Driving a Manual (Stick)

Discussion in 'Cars, Motorcycles, Boats, Airplanes Talk' started by IndySpeed, Jan 5, 2016.

  1. Sanjeev Jain

    Sanjeev Jain Rando

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    I grew up driving stick only as being from India,. Stick shift is the only way to go that was/is viable for masses and automatics were for rich guys and the traffic condition make it worse to drive an auto, even today.

    Over here, I had a VW Golf Stick for almost 8 years and got it new which was very hard to find in the first place.
    While I had my fun share of shifting, the Bay area traffic got me and had to replace with an EV.

    I still miss out the whole 0 to 60 sequence co-ordinating mind, body and acceleration.

    Still plan to get a Wrangler Jeep with stick one day. Not sure when though :)
     
    Last edited: Nov 27, 2018
  2. crazychile

    crazychile Eastern Iowa's Spiciest Pepper

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    I used to own a 1985 VW GTi with a stick. I loved that car. If I remember correctly, it was only around 101hp, but the thing was a blast to drive and was insane at cornering. Despite the low horsepower, it still had no problem passing once you were up around 60 mph. A little punch and 90 mph was easy. I had to sell it when my first kid was born. It wasn't very car seat friendly.
     
  3. LVF1

    LVF1 Rando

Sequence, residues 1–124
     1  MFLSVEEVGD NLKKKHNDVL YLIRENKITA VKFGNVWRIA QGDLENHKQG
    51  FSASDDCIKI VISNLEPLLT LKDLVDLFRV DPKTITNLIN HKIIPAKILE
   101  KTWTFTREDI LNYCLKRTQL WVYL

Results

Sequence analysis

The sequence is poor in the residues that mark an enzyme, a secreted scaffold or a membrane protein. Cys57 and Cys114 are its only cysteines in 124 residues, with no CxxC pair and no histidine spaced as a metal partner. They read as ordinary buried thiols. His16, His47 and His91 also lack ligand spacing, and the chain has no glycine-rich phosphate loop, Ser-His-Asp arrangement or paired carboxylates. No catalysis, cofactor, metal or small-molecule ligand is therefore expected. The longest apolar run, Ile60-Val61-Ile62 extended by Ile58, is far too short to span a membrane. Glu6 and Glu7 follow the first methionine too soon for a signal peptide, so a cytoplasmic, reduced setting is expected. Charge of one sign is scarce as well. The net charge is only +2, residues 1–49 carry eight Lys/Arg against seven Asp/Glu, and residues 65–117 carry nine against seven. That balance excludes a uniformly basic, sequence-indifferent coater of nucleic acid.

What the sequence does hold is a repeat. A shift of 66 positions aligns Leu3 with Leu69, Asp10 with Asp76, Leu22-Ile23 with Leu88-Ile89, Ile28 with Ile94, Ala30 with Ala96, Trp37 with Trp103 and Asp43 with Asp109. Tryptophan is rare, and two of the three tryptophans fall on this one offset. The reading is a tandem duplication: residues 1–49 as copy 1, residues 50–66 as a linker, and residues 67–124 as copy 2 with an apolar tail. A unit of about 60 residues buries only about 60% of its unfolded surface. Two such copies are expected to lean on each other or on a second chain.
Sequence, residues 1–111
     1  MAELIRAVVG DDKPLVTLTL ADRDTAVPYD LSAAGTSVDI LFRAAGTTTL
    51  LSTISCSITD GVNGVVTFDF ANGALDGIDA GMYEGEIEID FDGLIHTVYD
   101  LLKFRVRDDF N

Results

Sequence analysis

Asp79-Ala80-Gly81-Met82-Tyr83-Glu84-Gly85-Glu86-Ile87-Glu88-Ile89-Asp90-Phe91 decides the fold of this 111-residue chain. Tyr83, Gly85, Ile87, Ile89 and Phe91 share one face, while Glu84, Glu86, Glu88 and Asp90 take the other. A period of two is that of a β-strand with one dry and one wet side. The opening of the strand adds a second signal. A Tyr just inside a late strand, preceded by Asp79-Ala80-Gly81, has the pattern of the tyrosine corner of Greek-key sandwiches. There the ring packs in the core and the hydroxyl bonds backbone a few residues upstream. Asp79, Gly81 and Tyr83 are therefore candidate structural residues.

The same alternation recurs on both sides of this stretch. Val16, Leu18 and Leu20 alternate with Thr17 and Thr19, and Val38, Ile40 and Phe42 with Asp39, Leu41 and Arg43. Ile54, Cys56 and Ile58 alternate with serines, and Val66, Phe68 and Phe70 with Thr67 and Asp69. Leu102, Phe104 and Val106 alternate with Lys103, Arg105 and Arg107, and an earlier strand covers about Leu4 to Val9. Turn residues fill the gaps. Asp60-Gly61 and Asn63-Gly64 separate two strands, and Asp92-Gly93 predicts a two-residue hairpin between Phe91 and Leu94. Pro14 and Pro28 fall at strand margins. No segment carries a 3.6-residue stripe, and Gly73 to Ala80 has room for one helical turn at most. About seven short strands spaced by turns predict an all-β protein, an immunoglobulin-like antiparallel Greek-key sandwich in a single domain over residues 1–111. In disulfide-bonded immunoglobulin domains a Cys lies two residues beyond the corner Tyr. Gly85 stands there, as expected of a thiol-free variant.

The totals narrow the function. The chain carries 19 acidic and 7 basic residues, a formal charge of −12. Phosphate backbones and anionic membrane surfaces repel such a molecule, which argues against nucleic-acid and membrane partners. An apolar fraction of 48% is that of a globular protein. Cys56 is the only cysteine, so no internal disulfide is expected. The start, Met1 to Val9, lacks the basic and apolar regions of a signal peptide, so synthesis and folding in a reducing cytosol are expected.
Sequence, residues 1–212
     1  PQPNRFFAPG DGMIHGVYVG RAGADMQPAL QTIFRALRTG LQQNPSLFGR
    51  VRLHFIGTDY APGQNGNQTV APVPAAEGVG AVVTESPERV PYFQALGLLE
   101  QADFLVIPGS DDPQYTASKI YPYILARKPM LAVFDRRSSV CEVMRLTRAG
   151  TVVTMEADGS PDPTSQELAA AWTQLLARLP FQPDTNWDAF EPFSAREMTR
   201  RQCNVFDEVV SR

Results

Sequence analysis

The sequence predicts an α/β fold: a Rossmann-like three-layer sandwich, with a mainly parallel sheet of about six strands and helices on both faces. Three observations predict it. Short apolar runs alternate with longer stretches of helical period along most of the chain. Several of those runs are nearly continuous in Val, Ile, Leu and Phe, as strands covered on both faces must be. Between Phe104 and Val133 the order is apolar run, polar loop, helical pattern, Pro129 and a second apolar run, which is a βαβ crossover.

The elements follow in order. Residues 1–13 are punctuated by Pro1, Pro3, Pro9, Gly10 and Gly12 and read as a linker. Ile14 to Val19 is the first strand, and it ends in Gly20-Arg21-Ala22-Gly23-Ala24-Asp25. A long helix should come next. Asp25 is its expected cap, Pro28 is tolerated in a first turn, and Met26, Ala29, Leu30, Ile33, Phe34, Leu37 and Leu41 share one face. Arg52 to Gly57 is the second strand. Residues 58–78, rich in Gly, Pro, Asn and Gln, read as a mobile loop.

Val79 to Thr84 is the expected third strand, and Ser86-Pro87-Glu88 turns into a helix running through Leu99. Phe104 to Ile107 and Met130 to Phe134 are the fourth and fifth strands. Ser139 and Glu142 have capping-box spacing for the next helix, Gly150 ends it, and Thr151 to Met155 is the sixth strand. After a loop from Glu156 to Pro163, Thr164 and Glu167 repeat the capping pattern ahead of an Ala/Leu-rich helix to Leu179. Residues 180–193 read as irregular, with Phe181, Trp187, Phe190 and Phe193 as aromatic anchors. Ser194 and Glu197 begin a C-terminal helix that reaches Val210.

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    Most of the Porsche purists have accepted technological advances like water cooled engines and PDK. I wouldn't mind an air cooled 911, but I live in the desert and when it's hot, an air cooled engine is more likely to break down as well as losing some performance. I used to be in t04r.com and many of us had crazy supras. But when we took them to the local track or even to tracks in cali, we'd suffer massive heat soak when pushing it really hard and our once fierce beasts looked like caged tame animals. After that phase I finally achieved my childhood dream of owning a 911 and even with less HP, I liked the steady performance of having a NA engine. That's why I wouldn't get a new carreras with turbos or any 911 with turbo even the GT2RS would likely have some problems in 110 degree heat at the track. That's why I like the GTS and GT3RS best. What the Porsche purists mostly dislike are the 991 longer wheelbase as you lose the go kart handling that made driving the 911 special. New models are just too easy to drive at 9/10ths. Other things like electric steering and electronic hand brakes are what purists hate. Most purists accept the 997.2 line, but not the 991.